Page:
Mirini is a tribe of plant bugs belonging to the subfamily Mirinae. Acanthocranella - Acanthopeplus - Actinonotus - Adelphocoridea - Adelphocoris - Adelphocorisella - Adnotholopus - Adphytocoris - Adpiasus - Adtaedia - Agnocoris - Alloeochrus - Alloeonotus - Allorhinocoris - Anexochus - Anosibea - Apantilius - Aphanosoma - Apolygopsis - Apolygus - Araucanomiris - Argenis - Aristopeplus - Atahualpacoris - Austrocapsus - Austropeplus - Azumamiris - Bertsa - Bipuncticoris - Bispinocoris - Bolivarmiris - Boliviocapsus - Boliviocoris - Bolteria - Bowdenella - Brachycoleus - Buettneriella - Calocoris - Calocorisca - Calocoropsis - Calondas - Calyptodera - Camptozygum - Capsodes - Capsus - Carvalhocapsus - Castanopsides - Catarinea - Charagochilus - Cheilocapsidea - Cheilocapsus - Chileaia - Chilocrates - Chimsunchartella - Chinamiris - Chrysodasia - Cixacoris - Closterotomus - Coccobaphes - Corcovadisca - Coyolesia - Creontiades - Cyphodema - Cyphodemidea - Cyphoxacicoris - Dagbertus - Derophthalma - Derophthalmoides - Dichrooscytus - Diognetus - Diomocoris - Dionconotus - Diplotrichiella - Eblis - Ectopiocerus - Eglerocoris - Elektra - Elthemidea - Eocalocoris - Eolygus - Epimecellus - Eremobiellus - Eubatas - Euchilocoris - Euphytocoris - Eurystylomorpha - Eurystylopsis - Eurystylus - Fangumellus - Fortunacoris - Froeschneriella - Galapagomiris - Ganocapsinus - Ganocapsisca - Ganocapsoides - Ganocapsus - Garganisca - Garganus - Gauchocoris - Gianellia - Gigantomiris - Gollneria - Gorna - Gracilimiris - Grypocoris - Guianella - Gutrida - Hadrodemus - Henicocnemis - Henrylygus - Heterolygus - Heteropantilius - Hissaritus - Histriocoridea - Histriocoris - Horcias - Horciasinus - Horciasisca - Horciasoides - Horistus - Horvathiella - Horwathia - Ialibua - Incamiris - Irbisia - Iridopeplus - Ischnoscelicoris - Isoldalinus - Jacchinus - Josifovolygus - Juinia - Kiambura - Kiwimiris - Knightomiris - Koreocoris - Kraussmiris - Lampethusa - Lamprocapsidea - Liistonotus - Lilianocoris - Lincolnia - Linocerocoris - Liocapsidea - Liocapsus - Liocoris - Loristes - Lucitanus - Lygidea - Lygidolon - Lygocorias - Lygocorides - Lygocoris - Lygus - Macednus - Macgregorius - Macrolygus - Macropeplus - Madondo - Mahania - Maxacalinus - Megacoelopsis - Megacoelum - Mermitelocerus - Metasequoiamiris - Metriorrhynchomiris - Micromimetus - Minasmiris - Minytus - Miridius - Miridoides - Miris - Mirivena - Mixocapsus - Miyamotoa - Mollendocoris - Monalocorisca - Monopharsus - Moroca - Morocisca - Mourecoris - Nannomiris - Neoborella - Neoborops - Neocapsus - Neolygopsis - Neolygus - Neomegacoelum - Neopeplus - Neosapinnius - Neostenotus - Nepiolygus - Nesosylphas - Neurocolpus - Niastama - Nonlygus - Notholopisca - Notholopus - Ochtherocapsus - Odontoplatys - Oecophyllodes - Ommatodema - Onderothops - Oreolygus - Orientocapsus - Orientomiris - Orthops - Oxacicoris - Pachylygus - Pachypeltocoris - Pachypterna - Pantilius - Pappus - Paramiridius - Paurolygus - Peltidolygus - Peltidopeplus - Perumiris - Pharyllus - Philostephanus - Phytocoridea - Phytocoris - Phytocorisca - Piasus - Pinalitopsis - Pinalitus - Plesioborops - Plesiocapsus - Plesiolygus - Pleurochilophorus - Poeas - Poecilocapsus - Poecilonotus - Polymerias - Polymerus - Poppiocapsidea - Poppiomegacoelum - Proba - Proboscidocoris - Prolygus - Protaedia - Pseudeurystylus - Pseudolygocoris - Pseudolygus - Pseudomegacoelum - Pseudopantilius - Pycnocoris - Quichuamiris - Quitocoris - Rauniella - Reuterista - Rhabdomiris - Rhabdoscytus - Rhasis - Rondonegeria - Ruspoliella - Ryukulygus - Sabactiopus - Sabactus - Salignus - Sanluizia - Sapinnius - Saundersiella - Schoutedeniella - Sidnia - Sinopecoris - Stenoparedra - Stenopterna - Stenotus - Stittocapsus - Stomatomiris - Taedia - Taurocalocoris - Taylorilygus - Teratocapsus - Thania - Thiomiris - Tinginotopsis - Tinginotum - Tolongia - Tracheluchus - Trichobasis - Trichocapsus - Tropidophorella - Tropidosteptes - Tuicoris - Ulumiris - Urubumiris - Urucuiana - Vairocanamiris - Vissosamiris - Volumnus - Warrisia - Waucoris - Wekamiris - Xavantinisca - Yamatolygus - Yngveella - Zalmunna - Zygimus Eléments de classification générique et de phylogénie des Mirini avec une discussion préliminaire de la relativité des concepts, de l' … F Chérot, 2002 Data related to Mirini at Wikispecies Media related to Mirini at Wikimedia Commons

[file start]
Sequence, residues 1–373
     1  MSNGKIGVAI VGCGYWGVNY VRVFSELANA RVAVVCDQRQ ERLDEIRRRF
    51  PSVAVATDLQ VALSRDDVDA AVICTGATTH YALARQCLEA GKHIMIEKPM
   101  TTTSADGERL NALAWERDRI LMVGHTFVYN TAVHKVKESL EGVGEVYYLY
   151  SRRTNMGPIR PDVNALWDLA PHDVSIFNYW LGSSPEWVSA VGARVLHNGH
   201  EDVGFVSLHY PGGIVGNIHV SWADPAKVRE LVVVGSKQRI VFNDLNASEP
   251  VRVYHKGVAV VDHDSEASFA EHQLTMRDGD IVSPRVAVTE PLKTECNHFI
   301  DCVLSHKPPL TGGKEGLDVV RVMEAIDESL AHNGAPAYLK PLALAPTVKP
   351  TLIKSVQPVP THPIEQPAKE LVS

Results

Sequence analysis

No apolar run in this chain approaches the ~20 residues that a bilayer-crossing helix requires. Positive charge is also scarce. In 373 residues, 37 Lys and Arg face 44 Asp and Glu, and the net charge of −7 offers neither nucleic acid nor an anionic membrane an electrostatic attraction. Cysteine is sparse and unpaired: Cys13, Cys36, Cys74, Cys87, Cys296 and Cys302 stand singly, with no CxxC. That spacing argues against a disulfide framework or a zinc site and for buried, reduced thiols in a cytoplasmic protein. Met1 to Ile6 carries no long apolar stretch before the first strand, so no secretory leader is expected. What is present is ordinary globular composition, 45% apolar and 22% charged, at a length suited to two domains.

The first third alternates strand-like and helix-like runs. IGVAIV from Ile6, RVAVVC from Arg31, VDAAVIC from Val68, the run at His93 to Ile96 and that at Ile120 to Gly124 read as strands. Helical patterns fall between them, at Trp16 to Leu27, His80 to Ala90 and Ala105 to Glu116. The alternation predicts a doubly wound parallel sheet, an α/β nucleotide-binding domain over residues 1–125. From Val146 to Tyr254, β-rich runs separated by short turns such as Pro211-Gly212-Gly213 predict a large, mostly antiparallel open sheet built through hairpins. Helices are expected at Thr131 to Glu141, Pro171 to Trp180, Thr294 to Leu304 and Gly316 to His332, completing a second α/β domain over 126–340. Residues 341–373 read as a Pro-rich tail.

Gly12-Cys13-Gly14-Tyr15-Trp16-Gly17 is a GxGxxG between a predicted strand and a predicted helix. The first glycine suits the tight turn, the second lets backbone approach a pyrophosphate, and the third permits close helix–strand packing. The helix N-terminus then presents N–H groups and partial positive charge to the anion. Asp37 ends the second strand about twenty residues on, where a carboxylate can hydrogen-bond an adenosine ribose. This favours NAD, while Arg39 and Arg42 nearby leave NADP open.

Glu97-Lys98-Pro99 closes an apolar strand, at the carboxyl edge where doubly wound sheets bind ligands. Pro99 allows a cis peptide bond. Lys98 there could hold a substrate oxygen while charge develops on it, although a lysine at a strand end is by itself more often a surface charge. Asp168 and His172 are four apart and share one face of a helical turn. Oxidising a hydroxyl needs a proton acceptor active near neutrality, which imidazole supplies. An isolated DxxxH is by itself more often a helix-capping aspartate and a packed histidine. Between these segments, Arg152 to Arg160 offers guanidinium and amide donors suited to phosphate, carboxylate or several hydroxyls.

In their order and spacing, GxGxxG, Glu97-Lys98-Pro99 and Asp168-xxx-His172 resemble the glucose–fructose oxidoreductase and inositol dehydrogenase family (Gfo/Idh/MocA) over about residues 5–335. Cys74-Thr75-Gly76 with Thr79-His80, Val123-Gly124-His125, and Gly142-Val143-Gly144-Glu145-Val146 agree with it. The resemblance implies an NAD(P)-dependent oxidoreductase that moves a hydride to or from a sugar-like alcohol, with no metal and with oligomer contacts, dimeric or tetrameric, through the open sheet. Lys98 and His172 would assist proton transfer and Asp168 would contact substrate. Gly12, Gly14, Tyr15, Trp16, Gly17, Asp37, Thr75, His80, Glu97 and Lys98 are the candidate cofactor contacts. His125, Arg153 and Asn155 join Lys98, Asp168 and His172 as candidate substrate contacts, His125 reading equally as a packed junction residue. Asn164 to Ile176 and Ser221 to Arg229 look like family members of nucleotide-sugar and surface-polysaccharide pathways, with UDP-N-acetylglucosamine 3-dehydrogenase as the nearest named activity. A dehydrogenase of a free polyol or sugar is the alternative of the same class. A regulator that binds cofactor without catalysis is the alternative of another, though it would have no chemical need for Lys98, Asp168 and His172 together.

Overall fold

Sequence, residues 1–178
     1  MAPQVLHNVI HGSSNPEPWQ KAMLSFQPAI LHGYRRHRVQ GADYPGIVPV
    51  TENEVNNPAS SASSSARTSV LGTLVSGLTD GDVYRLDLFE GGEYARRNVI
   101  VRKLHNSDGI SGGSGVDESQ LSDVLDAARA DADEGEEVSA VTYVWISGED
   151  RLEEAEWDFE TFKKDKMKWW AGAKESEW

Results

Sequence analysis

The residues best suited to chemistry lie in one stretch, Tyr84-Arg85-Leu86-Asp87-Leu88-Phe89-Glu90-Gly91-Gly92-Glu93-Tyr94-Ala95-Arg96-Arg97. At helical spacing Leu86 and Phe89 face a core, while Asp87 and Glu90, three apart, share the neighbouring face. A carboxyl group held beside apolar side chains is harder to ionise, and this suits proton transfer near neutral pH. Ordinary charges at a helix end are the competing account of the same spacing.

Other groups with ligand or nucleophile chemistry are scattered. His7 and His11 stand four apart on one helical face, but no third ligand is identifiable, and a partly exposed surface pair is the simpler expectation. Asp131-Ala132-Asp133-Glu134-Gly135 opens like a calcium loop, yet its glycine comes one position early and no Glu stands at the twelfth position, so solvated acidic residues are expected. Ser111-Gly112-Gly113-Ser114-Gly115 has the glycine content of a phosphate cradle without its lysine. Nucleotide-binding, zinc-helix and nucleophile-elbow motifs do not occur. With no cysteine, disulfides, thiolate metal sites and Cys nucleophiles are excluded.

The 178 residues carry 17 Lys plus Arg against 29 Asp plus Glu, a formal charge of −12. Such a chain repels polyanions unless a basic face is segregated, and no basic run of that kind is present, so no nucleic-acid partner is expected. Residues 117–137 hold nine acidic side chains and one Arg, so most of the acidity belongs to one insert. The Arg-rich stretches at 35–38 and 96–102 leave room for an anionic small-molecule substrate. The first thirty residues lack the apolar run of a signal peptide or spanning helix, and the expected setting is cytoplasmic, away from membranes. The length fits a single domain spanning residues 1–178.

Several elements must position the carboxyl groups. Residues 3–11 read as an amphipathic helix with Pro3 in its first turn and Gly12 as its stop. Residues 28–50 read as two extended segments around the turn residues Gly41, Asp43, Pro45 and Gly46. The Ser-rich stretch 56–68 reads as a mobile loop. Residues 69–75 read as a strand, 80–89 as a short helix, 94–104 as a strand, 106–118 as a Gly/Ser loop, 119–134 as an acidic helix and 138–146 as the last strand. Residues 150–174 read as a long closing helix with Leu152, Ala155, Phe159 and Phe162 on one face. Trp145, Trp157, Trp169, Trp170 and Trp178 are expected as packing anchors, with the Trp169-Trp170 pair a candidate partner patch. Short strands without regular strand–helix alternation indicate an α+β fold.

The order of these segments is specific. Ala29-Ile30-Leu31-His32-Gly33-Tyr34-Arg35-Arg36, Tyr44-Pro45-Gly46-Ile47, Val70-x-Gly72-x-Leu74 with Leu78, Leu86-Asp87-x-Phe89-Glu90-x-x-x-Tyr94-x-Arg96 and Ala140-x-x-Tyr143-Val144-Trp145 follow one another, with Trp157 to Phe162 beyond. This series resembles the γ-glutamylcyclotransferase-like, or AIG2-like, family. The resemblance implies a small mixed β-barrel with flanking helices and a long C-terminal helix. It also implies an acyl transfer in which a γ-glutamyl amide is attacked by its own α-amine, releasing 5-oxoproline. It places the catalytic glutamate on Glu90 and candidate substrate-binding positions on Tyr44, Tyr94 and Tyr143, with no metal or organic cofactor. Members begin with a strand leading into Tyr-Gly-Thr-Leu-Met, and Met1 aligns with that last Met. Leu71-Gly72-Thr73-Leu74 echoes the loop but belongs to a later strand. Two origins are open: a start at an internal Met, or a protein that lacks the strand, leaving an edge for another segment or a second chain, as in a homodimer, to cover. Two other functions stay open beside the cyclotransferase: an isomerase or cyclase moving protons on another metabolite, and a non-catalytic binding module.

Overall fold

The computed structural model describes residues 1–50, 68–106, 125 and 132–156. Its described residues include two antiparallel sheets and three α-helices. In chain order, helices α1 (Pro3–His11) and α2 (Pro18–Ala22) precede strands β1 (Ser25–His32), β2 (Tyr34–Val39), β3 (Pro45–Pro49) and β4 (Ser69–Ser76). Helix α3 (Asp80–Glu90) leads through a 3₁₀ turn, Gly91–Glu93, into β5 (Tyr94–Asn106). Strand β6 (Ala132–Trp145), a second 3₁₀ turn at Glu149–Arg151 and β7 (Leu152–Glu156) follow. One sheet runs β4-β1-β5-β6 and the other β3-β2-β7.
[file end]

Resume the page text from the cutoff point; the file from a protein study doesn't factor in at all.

Thessaly is a traditional geographic and modern administrative region of Greece, comprising most of the ancient region of the same name. Before the Greek Dark Ages, Thessaly was known as Aeolia, appears thus in Homer's Odyssey. Thessaly became part of the modern Greek state in 1881, after four and a half centuries of Ottoman rule. Since 1987 it has formed one of the country's 13 regions and is further sub-divided into 5 regional units and 25 municipalities; the capital of the region is Larissa. Thessaly lies in northern Greece and borders the regions of Macedonia on the north, Epirus on the west, Central Greece on the south and the Aegean Sea on the east; the Thessaly region includes the Sporades islands. In Homer's epic, the Odyssey, the hero Odysseus visited the kingdom of Aeolus, the old name for Thessaly; the Plain of Thessaly, which lies between Mount Oeta/Othrys and Mount Olympus, was the site of the battle between the Titans and the Olympians. According to legend and the Argonauts launched their search for the Golden Fleece from the Magnesia Peninsula.